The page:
While no one was watching.Jan 18, 2018
Photo Great Dane Protos
This year was Indie’s year in agility. She was six, the magic age where people say it all starts to click. Of course, while I didn’t want to believe it would take this long, it’s true. We are now a seasoned team.
Indie received wonderful compliments whenever we would trial in a new area where no one had seen her run before. She was consistent and fun to watch as her confidence and joy were evident to strangers. She had also become genuinely good at jumping, something she decidedly was not in her younger days. Truth be told she used to “jump like a goat” and “land in a heap,” phrases borrowed from my hunter/jumper days. It took her until she was nearly five to be able to operate her body in a graceful manner and for me to give her enough advance info so she knew where she was headed and thus did not land in a heap.
But really the success was happening outside the ring where no one was really paying attention. From our warm-up routine to practitioners who keep her aligned to how we live together in the day-to-day. It was our relationship plus a bunch of hours spent training, conditioning, trialing and playing other sports that culminated in QQs. All these things are invisible to people watching us execute a blind cross, but imperative to our success.
Find the opportunities
A smart coach told me long ago that whatever is going wrong in the ring is also happening somewhere else – I just had to find it. Well, the converse is also true. Whatever is going right in the ring happens everywhere else, too.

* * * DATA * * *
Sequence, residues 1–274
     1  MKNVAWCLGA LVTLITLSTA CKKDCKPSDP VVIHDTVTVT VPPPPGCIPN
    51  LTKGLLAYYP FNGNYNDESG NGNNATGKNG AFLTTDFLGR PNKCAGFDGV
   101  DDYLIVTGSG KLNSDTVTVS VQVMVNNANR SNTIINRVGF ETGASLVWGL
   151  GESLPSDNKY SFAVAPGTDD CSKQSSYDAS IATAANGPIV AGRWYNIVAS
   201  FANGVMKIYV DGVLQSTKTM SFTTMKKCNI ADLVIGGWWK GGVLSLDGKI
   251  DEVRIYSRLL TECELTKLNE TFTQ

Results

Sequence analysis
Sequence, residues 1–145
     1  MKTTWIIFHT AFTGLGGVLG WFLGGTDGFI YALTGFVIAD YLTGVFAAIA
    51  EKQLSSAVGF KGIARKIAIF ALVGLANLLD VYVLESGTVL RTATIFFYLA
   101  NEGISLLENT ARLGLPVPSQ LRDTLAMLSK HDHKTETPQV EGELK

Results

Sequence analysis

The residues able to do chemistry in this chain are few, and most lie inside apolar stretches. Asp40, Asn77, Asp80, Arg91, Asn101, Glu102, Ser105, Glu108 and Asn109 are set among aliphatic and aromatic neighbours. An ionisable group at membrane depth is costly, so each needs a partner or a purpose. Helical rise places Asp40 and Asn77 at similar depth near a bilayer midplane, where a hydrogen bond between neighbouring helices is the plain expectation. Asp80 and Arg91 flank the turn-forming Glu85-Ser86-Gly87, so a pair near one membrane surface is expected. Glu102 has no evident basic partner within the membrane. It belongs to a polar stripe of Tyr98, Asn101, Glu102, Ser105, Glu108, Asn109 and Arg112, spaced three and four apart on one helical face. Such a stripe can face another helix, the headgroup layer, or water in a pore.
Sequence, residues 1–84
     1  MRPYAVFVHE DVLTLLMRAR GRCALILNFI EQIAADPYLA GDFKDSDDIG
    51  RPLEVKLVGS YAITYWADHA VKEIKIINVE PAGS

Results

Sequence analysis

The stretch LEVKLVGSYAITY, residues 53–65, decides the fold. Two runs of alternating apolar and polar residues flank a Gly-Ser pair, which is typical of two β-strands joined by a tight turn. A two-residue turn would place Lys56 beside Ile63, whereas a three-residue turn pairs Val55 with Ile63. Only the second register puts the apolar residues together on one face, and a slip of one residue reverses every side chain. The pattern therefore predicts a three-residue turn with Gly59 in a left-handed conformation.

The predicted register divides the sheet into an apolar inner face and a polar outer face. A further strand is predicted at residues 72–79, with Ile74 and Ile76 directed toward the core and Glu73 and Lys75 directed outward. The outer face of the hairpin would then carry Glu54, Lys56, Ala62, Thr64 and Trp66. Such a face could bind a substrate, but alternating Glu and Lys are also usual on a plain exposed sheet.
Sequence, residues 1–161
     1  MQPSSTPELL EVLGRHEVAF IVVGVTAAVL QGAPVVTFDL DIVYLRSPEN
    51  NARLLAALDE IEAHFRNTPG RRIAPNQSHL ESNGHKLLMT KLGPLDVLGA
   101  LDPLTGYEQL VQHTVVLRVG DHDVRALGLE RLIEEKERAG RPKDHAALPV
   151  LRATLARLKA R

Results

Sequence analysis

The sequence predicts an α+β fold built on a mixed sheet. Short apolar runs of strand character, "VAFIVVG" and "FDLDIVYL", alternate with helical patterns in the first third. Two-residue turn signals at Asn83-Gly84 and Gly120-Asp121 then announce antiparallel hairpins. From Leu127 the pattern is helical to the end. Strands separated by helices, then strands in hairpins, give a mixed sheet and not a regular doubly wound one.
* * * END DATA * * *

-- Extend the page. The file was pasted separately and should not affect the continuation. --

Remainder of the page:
And it’s also cumulative, something I am constantly reminding myself when working with my young dogs who don’t yet have the hours on the ends of leashes or in the ring. Patience, grasshopper.
I’ve had a few people tell me, “My dog would be great at agility, you should take her,” and I know they have no idea what it takes – behind the scenes – to really get a dog ready to walk into the ring. My first dog was three, and Indie was two before they were in the phase of “almost ready.” Not because of training, but because of living life and building relationships.
So two takeaways today:
The next time you are having a problem, try to find where else in your day-to-day life you can work on that issue. For instance, I recently realized that Moxie doesn’t fully make the choice to engage with me in distracting environments, so we are working on her making that choice in daily life. She has to ask for things, demonstrate respect, choose to work as a team.
On the flip side, find your strengths and build upon those. You can use those positives to either further your training with that dog or another one in the home. Moxie is a rockstar when it comes to offering behaviors, so how can I create more opportunities for her to offer – including offering engagement?
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